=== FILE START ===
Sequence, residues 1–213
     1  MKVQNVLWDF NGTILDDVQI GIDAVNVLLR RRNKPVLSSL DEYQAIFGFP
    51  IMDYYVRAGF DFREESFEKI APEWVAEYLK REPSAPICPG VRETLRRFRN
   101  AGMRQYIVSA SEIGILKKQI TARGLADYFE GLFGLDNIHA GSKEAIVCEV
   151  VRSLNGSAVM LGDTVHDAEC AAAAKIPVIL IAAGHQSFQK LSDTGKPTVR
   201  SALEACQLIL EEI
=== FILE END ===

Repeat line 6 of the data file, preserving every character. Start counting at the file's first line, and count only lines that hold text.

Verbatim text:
   201  SALEACQLIL EEI